Bacca – helps to spread the cost of insurance by paying smaller regular fees
Cenatorium – provider of data-based solutions
ICRA – allows reduction of costs for individual and small business loans
Nethone – provider of predictive intelligence and machine learning solutions
→ Personal Finance Management
One of the most promising segments in FinTech are solutions helping individuals manage their saving and/or financial commitments. The default way of development for companies specialized in this kind of technologies is a close alliance with a large bank.
In Poland, there are relatively fewer FinTech entities who concentrate on personal finance management. However, there are a few worth mentioning:
iWisher – re-invents the way people give & receive gifts
Kontomierz – provides insights for personal finance management
Moneyfriend – money e-coach for young people
The FinTech companies that were not categorised in any of the groups above make a significant number among all Polish FinTech entities. Among them, you can notice factoring service providers, both traditional and so-called silent. Their characteristic feature, though, is much less bureaucracy comparing to traditional factoring institutions.
Another bigger group within the segment are companies handling payments with their hardware solutions (i.e. providing and servicing payment card readers).
There is also a well-developed ecosystem of digital payment solutions who run their operations more “offline” or supporting the FinTech startups whose services are “fully digital”. But you can find virtual debt collection company or an entity, whose products simplify clearance and settlements between business clients and taxi companies.
Have a look at the following list:
eWindykator – debt collection tool
Fandla – factoring platform
FXMANAGO – improving the currency management for SMEs.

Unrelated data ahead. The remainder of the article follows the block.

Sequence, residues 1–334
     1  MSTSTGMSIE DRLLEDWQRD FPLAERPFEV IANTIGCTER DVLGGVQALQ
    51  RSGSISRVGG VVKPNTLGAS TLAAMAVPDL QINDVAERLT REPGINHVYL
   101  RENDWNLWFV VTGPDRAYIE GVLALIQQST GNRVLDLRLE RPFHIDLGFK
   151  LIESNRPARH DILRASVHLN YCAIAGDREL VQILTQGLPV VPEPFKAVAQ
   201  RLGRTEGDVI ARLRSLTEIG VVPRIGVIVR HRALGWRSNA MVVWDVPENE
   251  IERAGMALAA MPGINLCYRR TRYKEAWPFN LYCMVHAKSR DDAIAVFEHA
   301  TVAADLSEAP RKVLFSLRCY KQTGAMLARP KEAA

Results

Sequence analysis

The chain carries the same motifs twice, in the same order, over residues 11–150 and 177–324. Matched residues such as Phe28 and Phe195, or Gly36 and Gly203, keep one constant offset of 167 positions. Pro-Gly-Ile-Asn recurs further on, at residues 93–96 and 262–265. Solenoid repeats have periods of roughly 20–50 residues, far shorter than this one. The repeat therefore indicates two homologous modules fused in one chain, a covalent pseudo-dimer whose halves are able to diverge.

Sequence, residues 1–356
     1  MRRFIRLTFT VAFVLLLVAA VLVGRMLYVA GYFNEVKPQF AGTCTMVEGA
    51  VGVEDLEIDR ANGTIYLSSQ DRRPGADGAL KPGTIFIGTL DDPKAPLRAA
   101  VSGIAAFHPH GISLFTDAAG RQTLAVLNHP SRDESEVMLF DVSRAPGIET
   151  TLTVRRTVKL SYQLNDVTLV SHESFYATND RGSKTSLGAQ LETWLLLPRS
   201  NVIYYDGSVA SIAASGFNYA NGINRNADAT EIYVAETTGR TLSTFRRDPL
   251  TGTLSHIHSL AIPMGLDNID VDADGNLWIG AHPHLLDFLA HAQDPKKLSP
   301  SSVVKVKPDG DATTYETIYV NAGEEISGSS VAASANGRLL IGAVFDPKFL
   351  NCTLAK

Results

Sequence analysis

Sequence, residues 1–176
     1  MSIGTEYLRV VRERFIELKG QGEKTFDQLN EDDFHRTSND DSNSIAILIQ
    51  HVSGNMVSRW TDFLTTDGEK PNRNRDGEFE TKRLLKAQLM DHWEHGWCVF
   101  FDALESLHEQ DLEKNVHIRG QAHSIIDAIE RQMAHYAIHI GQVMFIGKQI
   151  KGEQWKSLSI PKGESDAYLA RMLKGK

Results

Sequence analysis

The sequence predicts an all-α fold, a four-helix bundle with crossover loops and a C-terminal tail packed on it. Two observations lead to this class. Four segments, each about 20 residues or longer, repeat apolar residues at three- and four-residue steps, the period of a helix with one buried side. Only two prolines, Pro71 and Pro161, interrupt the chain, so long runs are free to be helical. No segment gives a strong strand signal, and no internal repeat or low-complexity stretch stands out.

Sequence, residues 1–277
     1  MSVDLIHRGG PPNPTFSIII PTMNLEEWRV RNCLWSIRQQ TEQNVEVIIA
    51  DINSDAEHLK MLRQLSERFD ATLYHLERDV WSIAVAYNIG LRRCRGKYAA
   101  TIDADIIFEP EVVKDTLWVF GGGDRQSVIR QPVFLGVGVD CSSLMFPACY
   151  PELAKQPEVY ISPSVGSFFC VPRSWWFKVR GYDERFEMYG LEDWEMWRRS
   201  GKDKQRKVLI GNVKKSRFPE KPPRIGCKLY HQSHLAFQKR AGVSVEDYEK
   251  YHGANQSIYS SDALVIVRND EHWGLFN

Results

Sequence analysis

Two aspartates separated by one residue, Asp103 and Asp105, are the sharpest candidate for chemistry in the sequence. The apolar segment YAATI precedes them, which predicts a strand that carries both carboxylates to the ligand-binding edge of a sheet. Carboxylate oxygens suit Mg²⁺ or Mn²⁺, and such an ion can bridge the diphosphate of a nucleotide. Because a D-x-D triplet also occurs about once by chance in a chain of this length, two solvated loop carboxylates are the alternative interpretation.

Finanteq – provider of mobile banking solutions
Finiata.com – provides working capital financing for freelancers and SME’s over a fully automated data-driven scoring technology
IAI – online selling solution
inviPay – payment method for business
iPOS – tech solutions for POS
IT Card – provider of banking self-service solutions
LeaseLink – online shopping for business owners
Mobiltek – aggregation of SMS services for mobile banking
NFG – e-factoring platform
Paymax – mPOS solution
Paymento – financial technology solutions
Polskie ePłatności – provider of electronic payments
Sum Up – credit card readers
Taxilog – accounting and management of transportation expenses for b2b
xchanger – global API for international payments
Zencard – customizable loyalty redemption platform
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#4 The strengths and weaknesses of operating in the CEE region
Like with everything, there are some things that are better than others. Poland is no different. In order to be fully aware, the strengths and weaknesses need to be looked at side by side.
– 8th Largest economy in the EU and the largest in CEE
– Access to the global standard services and products as well as office spaces with lower prices
– Recently much has changed but there is still a gap between the approach of administration and regulators in Poland and their counterparts in leading FinTech hubs
– Smaller number of Venture Capitals and/or Equity Funds actively investing in the Polish FinTech scene than Germany, France or the United Kingdom
– No single comprehensive system of support for startups but a series of somehow coordinated initiatives
‘For other FinTechs that are looking to step into Poland there are a few things to remember’ – says Alexander Beresford, Head of Marketing at Finiata. ‘First, Poland is more advanced than Western Europe and North America in a lot of regards, especially the banking sector. Digital banking has been normal since the year 2000 here, contactless card payments already for nearly a decade too – Your “novel” idea is probably tried and tested here.’